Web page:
On "Nellyville," the title track of his 3-million-selling album, Nelly raps about a mythical burg where everyone owns "40 acres and a pool." Sounds cushy, but on the way up Nelly—who now owns seven cars and a lakefront manse near where he grew up in St. Louis—just wanted to rescue his mother from working at fast-food joints. When the man born Cornell Haynes Jr. made it, "I called her and said, 'You don't have to work anymore.' "
Neither does he. Nellyville, the rapper's follow-up to his 2000 debut record, Country Grammar, sold 716,000 copies in its first week—a record for a black artist. Fans include 'N Sync and Missouri Gov. Bob Holden. "I love his music," says Holden, who defends Nelly's racy lyrics. "The same things were said about Elvis Presley."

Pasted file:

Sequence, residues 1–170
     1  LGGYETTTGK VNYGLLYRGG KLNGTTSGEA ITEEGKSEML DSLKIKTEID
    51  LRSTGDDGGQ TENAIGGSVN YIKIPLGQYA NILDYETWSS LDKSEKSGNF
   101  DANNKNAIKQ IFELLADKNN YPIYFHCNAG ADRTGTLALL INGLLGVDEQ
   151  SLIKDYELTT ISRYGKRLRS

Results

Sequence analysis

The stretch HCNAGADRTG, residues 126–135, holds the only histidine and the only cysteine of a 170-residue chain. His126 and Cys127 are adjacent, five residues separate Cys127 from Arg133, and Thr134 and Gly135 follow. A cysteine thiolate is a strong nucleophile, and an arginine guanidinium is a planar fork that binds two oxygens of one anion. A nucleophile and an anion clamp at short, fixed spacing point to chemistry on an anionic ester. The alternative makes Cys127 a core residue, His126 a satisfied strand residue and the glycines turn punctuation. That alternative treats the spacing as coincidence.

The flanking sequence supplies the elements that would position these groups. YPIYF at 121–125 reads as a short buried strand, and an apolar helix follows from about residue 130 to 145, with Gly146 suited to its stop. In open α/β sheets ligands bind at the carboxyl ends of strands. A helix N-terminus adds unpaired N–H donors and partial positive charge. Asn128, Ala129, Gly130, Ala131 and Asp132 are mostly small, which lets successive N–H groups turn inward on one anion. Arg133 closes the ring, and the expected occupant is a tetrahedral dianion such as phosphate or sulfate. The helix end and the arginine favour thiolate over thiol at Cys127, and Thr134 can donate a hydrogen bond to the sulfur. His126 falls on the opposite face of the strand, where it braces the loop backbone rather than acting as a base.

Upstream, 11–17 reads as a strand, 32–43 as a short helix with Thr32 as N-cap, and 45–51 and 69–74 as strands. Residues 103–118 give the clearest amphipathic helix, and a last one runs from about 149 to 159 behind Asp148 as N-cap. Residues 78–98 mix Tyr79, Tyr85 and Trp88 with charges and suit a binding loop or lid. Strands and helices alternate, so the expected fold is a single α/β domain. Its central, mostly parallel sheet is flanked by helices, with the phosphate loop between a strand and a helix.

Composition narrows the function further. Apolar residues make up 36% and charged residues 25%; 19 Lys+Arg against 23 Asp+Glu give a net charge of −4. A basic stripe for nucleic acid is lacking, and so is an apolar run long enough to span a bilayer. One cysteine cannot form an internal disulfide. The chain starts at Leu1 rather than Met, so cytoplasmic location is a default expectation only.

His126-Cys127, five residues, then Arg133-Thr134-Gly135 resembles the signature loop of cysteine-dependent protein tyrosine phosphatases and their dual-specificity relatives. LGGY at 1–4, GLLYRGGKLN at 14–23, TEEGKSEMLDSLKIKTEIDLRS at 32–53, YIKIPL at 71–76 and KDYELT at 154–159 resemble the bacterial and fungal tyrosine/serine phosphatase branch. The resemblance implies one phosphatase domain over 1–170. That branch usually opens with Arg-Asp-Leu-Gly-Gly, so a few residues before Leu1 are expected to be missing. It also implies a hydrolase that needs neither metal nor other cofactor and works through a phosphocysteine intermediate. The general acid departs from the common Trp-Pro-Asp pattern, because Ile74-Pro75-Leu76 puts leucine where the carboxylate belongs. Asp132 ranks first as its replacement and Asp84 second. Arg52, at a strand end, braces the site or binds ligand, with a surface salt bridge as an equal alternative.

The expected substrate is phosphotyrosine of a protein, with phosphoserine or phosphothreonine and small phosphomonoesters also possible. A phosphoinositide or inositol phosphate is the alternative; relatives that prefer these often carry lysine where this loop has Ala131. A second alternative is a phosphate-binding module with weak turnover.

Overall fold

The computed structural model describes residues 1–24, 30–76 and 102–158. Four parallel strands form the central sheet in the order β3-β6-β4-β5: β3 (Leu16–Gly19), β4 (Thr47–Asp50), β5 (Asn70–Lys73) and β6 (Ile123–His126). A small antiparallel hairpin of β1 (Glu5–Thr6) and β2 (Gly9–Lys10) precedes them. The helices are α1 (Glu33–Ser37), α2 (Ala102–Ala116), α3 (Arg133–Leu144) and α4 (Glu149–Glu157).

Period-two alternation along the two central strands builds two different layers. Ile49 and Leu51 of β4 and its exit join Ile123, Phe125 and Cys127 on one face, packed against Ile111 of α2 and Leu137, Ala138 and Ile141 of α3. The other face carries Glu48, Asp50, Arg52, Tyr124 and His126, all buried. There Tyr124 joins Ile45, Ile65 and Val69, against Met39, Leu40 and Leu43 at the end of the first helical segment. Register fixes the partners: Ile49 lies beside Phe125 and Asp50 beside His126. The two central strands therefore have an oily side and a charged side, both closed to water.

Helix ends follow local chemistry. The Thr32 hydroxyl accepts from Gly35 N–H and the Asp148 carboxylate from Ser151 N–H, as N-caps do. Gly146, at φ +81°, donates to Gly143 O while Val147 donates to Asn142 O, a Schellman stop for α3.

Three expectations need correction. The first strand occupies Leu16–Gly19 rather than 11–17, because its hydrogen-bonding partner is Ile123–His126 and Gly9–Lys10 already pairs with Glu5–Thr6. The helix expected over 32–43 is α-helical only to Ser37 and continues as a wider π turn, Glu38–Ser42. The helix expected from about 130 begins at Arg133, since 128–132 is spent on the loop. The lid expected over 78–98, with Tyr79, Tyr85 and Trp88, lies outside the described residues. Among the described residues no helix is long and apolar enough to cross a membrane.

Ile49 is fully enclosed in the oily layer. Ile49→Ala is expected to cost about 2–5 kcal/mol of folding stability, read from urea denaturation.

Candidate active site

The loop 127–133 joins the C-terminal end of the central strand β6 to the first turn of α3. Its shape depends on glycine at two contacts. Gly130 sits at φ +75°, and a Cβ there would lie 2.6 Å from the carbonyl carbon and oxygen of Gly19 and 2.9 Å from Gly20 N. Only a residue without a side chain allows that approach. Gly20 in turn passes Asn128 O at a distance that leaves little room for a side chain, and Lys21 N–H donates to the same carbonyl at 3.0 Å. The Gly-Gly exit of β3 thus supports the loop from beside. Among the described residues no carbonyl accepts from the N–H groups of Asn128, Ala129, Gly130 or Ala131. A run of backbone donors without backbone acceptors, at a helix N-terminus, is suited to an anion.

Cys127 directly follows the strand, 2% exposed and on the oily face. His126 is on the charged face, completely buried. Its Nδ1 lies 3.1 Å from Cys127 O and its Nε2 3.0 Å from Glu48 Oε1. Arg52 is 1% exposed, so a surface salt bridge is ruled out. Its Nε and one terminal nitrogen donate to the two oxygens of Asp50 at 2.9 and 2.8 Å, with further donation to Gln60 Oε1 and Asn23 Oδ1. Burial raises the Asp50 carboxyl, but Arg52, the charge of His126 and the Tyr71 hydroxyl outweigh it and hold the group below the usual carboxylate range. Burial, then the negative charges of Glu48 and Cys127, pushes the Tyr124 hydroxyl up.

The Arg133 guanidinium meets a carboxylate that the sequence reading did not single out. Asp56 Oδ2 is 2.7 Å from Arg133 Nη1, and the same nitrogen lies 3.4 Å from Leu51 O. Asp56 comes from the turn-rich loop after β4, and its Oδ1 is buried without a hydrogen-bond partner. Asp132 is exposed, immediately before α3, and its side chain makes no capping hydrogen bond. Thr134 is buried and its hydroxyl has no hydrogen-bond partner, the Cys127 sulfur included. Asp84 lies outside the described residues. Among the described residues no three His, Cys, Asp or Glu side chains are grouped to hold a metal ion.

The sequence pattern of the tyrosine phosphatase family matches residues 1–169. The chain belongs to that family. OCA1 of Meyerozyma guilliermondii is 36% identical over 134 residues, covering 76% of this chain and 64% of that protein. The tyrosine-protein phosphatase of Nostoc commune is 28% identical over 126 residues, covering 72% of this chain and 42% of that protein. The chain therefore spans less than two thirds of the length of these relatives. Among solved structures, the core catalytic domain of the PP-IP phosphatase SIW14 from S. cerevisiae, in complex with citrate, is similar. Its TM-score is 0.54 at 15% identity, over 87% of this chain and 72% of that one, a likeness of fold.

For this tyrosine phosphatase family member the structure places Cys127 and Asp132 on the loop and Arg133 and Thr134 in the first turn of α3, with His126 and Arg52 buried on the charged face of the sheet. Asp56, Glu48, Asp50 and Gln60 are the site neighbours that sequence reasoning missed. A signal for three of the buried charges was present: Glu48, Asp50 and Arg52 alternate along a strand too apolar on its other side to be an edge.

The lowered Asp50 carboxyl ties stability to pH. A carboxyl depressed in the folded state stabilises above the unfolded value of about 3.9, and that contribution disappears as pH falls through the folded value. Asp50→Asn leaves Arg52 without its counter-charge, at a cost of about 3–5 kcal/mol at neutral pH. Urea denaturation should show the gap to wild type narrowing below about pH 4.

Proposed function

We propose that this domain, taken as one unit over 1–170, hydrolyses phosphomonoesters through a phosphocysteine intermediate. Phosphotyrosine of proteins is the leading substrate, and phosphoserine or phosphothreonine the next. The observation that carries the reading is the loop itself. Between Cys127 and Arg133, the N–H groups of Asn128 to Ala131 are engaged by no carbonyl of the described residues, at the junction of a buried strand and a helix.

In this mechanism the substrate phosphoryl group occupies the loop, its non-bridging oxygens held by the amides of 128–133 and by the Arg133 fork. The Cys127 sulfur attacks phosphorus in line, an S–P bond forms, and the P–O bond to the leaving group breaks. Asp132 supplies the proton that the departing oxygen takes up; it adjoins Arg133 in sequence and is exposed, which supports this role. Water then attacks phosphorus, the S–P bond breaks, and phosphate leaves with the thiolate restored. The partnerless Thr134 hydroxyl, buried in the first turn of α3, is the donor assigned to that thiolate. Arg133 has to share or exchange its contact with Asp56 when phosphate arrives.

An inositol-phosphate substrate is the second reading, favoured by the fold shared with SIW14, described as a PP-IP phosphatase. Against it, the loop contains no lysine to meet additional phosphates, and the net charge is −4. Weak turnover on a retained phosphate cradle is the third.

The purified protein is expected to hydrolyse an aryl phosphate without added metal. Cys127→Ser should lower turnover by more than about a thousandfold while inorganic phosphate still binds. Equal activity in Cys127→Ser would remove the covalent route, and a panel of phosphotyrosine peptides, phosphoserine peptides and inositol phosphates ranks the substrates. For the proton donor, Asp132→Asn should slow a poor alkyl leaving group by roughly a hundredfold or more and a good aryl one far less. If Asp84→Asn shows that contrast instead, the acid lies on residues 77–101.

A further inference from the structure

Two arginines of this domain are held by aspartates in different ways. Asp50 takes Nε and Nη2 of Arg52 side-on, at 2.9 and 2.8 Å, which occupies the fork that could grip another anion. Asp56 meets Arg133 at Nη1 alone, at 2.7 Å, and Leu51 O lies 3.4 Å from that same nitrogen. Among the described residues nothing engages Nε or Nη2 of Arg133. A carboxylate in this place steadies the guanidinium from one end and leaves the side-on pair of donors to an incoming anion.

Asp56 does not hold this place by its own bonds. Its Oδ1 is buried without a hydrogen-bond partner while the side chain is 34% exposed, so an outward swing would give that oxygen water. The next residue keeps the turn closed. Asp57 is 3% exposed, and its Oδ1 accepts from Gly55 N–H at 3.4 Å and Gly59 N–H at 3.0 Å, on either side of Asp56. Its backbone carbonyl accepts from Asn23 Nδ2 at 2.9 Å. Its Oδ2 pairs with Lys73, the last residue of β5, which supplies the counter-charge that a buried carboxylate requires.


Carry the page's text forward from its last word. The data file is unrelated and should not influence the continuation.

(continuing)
After his mom, Rhoda Mack, 46, and Cornell Sr., 51, an ex-Air Force sergeant, split in 1983, Nelly hit the streets, dealing some things that he says were "not quite legal." Forming the rap act St. Lunatics (his half brother and fellow member Lavell Webb is doing 10 years in prison for robbery), Nelly landed a record deal with Universal Records in 2000. He also has Vokál, a sportswear line sold at hip-hop boutiques and Macy's. When not touring, Nelly, who stars in the September action movie Snipes, hangs with kids Chanel, 6, and Tre, 3. No, he won't say who their mom is, and the mayor of Nellyville isn't looking for a first lady. "I have 9 million ladies to keep happy," he insists. "That's a big job."
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